Wednesday, November 19, 2008

Clash of the Really Big People / A Modest Football Proposal

With the Steelers playing again already on Thursday night I feel like I have a little more football on the brain than usual. Which I suppose is what the NFL had in mind a couple of years ago, when in addition to Sunday Night Football and Monday Night Football they rolled out Sure, Why The Hell Not Have One On Thursday Night Too Football. This, however, is televised nationally only on the NFL Network, which leaves the rest of us peasants to go to a sports bar or listen to it on the radio. I prefer the latter option since this lets me experience professional football the old-fashioned way: Sitting on my couch drinking a beer and yelling at a six-inch by eight-inch by four-inch clock radio made out of silver-colored plastic. Some would argue that this is an inferior sensory experience but the Steelers are playing the lowly Bengals, which means that it probably won't be a great game and, being a game played in Heinz Field after midseason, has something like a one in four chance of becoming an offense-destroying slog played in ankle-deep mud.

At any rate: Football on the brain, and as I was reading some commentary on this past weekend's games I realized that this season's Super Bowl favorites are the Tennessee Titans and the New York Giants, teams whose names are nearly identical thematically. Surely this would be a championship match of literally gargantuan proportions, a Big Bowl for the ages. Perhaps great football rivalries develop out of mere geography or division rivalry but I'd like to think that some of them are based on the opposition inherent in their team names (the cowboy who ethnic-slurs his prairie foe as "redskin"; the packer who must defend his refrigerated beeves from the wily, scavenging bear). Giants/Titans, in contrast, would be an intriguingly homeopathic sort of showdown, like fighting like.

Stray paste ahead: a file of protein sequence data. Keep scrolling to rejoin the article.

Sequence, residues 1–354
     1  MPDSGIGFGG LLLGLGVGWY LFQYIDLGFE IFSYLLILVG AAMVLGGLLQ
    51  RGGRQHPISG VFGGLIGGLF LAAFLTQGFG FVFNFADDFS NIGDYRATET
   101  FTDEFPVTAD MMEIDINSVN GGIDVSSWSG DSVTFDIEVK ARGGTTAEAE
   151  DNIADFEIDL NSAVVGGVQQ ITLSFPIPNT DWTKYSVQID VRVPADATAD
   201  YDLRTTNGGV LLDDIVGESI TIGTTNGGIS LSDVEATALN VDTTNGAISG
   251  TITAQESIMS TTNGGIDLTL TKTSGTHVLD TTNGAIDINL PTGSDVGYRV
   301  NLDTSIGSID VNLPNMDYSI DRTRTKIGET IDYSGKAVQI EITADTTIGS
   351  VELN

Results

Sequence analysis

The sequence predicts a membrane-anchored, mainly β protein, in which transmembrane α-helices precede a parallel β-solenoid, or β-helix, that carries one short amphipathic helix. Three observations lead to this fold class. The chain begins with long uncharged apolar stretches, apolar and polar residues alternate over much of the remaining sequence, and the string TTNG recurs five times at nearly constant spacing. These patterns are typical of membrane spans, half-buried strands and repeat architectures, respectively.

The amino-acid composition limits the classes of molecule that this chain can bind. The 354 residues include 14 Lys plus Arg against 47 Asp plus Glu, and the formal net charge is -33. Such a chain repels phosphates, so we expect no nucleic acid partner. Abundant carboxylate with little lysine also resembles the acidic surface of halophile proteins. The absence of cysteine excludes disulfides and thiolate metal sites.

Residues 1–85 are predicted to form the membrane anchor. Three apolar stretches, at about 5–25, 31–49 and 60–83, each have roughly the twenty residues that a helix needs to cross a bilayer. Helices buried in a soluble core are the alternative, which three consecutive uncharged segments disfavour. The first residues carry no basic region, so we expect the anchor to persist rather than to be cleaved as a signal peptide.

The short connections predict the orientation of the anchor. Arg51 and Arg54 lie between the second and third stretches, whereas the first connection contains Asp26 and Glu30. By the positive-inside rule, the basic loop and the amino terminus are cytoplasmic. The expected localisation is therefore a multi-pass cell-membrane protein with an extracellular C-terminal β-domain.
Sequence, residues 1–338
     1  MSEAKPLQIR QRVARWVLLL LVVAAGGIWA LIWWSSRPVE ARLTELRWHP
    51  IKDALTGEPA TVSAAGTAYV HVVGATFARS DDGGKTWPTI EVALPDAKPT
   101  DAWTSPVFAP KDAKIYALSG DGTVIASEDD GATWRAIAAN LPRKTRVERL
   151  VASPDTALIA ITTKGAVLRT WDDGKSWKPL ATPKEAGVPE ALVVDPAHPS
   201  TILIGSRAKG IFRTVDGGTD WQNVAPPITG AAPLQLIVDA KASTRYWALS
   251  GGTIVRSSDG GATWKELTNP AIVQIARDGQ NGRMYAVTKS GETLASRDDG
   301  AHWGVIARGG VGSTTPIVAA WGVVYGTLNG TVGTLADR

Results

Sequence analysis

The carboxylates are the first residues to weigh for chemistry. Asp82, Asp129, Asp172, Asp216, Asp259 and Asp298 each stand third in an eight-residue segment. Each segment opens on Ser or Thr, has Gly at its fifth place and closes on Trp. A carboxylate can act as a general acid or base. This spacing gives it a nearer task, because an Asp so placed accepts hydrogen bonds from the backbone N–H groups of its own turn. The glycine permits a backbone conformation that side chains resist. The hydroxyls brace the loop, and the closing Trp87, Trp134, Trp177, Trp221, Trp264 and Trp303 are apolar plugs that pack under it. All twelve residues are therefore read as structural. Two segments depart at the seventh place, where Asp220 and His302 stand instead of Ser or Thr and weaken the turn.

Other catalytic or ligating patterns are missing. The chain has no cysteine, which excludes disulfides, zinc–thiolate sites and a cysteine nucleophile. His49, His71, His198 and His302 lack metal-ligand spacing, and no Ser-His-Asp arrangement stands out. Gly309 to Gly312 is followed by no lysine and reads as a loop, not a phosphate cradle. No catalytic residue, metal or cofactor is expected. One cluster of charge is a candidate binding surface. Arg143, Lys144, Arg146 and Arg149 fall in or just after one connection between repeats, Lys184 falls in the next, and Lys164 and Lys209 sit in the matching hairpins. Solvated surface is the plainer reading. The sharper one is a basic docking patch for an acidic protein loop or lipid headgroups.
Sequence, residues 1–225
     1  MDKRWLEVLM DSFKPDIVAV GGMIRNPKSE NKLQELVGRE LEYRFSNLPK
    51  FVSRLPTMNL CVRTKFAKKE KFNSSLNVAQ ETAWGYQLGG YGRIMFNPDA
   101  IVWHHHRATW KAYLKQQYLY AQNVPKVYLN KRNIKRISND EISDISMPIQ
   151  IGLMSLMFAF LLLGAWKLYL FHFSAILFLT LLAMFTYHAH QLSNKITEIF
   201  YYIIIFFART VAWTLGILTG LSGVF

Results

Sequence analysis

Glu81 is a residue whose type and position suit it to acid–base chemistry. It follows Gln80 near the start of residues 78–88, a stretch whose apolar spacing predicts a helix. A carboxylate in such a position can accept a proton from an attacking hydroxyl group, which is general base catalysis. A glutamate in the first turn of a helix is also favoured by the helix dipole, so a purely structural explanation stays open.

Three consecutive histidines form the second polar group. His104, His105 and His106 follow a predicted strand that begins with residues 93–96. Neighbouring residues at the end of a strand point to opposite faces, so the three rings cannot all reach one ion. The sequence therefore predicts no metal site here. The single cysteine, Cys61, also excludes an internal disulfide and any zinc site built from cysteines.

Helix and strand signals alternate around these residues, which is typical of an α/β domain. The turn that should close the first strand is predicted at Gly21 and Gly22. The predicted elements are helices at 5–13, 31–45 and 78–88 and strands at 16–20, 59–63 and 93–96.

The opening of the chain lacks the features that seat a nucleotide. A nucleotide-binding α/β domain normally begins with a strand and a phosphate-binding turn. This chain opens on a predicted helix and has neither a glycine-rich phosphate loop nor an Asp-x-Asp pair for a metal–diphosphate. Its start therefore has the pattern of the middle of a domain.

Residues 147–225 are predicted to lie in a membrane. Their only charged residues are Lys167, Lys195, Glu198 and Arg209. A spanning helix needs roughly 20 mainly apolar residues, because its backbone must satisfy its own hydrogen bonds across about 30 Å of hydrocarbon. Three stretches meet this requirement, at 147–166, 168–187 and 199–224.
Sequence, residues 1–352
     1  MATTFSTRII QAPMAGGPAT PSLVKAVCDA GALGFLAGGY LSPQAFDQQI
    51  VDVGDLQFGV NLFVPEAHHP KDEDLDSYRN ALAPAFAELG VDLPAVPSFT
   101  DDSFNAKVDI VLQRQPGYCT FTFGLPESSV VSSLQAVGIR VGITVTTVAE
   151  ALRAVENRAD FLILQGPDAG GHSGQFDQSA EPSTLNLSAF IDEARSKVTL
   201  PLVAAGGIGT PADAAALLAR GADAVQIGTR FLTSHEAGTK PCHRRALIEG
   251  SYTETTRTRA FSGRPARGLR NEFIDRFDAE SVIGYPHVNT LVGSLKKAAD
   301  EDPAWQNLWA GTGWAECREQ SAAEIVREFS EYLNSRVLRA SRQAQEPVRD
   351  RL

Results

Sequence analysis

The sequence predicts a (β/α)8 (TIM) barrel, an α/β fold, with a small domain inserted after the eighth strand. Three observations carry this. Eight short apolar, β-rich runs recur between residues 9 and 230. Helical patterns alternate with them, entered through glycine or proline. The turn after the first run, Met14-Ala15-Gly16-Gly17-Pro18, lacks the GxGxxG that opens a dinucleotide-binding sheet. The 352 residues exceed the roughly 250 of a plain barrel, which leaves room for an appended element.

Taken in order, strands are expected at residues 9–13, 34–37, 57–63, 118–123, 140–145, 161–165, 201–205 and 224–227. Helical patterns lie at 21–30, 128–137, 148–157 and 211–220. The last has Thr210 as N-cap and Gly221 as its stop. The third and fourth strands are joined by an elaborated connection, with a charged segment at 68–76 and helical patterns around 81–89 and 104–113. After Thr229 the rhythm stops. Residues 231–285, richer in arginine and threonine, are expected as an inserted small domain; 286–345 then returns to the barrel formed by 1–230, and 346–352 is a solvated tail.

* * * * *

Actually I've thought for a while that NFL team names are more like each other than not. A couple of years ago I wanted to figure out if there were more teams named after birds or teams named after cats, so I produced the following classification of the current NFL teams. Note that while, say, Major League Baseball is stocked with franchises named for white socks and trolley dodgers and such, roughly half of all NFL names are taken from either birds or non-hominid mammals:

Baltimore Ravens
Philadelphia Eagles
Atlanta Falcons
Arizona Cardinals
Seattle Seahawks

Mammals, Cat
Cincinnati Bengals
Jacksonville Jaguars
Carolina Panthers
Detroit Lions

Mammals, Horse
Indianapolis Colts
Denver Broncos
San Diego Chargers

Mammals, Misc.
Miami Dolphins
St. Louis Rams
Chicago Bears
Houston Texans

Persons Who Pillage
Tampa Bay Buccaneers
Oakland Raiders
Minnesota Vikings

Persons Held in High Moral Esteem
New England Patriots
New Orleans Saints
Cleveland Browns

Rugged Frontierspersons
Dallas Cowboys
San Francisco 49ers
Buffalo Bills

Pittsburgh Steelers
Green Bay Packers

Very Large Persons
Tennessee Titans
New York Giants

Socially Retrograde References to American Indians
Kansas City Chiefs
Washington Redskins

Singing, Dancing Street Gangs from Broadway Musicals
New York Jets

* * * * *

Taking the above into account and averaging the geographic coordinates of all the home stadiums, I've calculated that the average NFL team is called the Catbirds and plays on the outskirts of Perryville, Missouri, about an hour south of St. Louis if you take I-55.